Oulu, Finland — Elektrobit, the company that designed TerreStar’s satellite/cellular smartphone, has developed a 3G-enabled mobile internet device (MID) that it expects will be available through branded suppliers in the second half of next year.
The reference-design company, which has designed cellphones for branded manufacturers for 25 years, is targeted cellphone makers, carriers, PC makers and portable navigation device (PND) makers with its Linux-based MID platform, which incorporates 3.9-inch multitouch touchscreen with haptic feedback, 3G W-CDMA HSDPA (high-speed downlink packet access) cellular-data technology, Wi-Fi 802.11 a/b/g, full Firefox Web browser, social-networking features, assisted GPS, onboard maps, and the company’s white-label navigation software to deliver turn-by-turn driving directions.
The 5.3-inch by 2.8-inch by 0.5-inch device also features touch-sensitive controls around the LCD screen, few hard buttons, and ability to store 1080p video and output it to a TV via a mini-HDMI output. Bluetooth, MicroSD slot and a micro USB connection are also included.
The platform is based built on Intel’s second-generation MID platform, called Moorestown.
Although the platform includes cellular voice, the feature can be defeated to turn the device into an Internet-centric device, VP Vesa Kiviranta told TWICE. It can be further customized according to customer needs, enabling companies to bring a customized MID to market faster and with lower development costs than if they developed one on their own, he added. The reference design, for example, uses HSDPA in the 850/1900/2100MHz frequencies, but frequencies can be changed to suit customer needs, he said. HSDPA can also be swapped out for LTE, mobile WiMAX or the CDMA 1X EV-DO family.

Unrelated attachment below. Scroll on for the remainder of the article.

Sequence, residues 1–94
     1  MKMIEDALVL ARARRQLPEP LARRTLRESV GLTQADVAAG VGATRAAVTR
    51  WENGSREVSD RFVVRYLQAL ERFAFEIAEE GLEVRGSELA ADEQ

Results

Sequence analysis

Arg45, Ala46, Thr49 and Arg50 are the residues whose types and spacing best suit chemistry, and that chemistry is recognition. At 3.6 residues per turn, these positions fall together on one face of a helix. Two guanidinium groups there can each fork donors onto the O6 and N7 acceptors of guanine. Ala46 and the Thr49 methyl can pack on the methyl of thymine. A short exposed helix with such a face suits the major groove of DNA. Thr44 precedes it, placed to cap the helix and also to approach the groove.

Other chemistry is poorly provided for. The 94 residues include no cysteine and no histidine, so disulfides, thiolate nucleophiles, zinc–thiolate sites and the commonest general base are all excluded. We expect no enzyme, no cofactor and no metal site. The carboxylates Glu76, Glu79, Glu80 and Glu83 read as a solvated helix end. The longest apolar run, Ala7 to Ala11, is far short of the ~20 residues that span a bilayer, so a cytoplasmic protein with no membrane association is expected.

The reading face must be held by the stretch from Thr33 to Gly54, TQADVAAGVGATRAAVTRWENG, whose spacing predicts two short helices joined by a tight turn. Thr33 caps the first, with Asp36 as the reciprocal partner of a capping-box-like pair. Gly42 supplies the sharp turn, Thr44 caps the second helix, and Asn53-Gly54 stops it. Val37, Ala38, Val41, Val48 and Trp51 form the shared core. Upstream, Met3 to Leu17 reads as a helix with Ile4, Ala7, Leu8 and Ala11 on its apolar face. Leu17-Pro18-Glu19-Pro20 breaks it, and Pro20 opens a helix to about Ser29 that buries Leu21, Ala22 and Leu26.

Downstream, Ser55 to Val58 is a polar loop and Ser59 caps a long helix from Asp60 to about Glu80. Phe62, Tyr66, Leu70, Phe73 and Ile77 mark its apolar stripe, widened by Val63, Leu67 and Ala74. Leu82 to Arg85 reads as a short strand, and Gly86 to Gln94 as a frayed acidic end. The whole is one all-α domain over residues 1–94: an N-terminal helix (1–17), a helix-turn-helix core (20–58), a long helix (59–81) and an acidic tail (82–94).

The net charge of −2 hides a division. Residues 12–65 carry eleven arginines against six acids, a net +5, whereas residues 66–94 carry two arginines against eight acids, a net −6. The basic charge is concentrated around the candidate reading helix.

The device, and other MIDs, will fit into a market in which smartphones, MIDs and netbooks will coexist, Elektrobit said. MIDs, including the iPhone, sit between smartphones and netbooks, Kiviranta explained. MIDs feature 3.5- to 5-inch screens in a package that’s “bigger than you would like for calling” but is nonetheless pocket-sized, he explained. In addition, MIDs are always online and enable full Internet browsing.
Potential end users include consumers who would carry two devices, Kiviranta said. One would be a small standard-issue cellphone, and the other would be an Internet-centric device with a larger display, he continued. For this scenario to fly, however, carriers will have to bundle both devices with a single subscription, he noted.
People who prefer to carry a single device would opt for a smartphone with a maximum 3.5-inch display and all the compromises that entails, he said. Some smartphone owners, however, might opt to carry both a smartphone and a netbook, he added.
To be successful, MIDs must incorporate 3G or 4G cellular data or be paired with a 3G or 4G phone that doubles as a cellular-data modem, Kiviranta added. “The use case dramatically narrows if you go only with the hot spot approach.” Falling 3G and 4G service prices will drive MID sales, he added.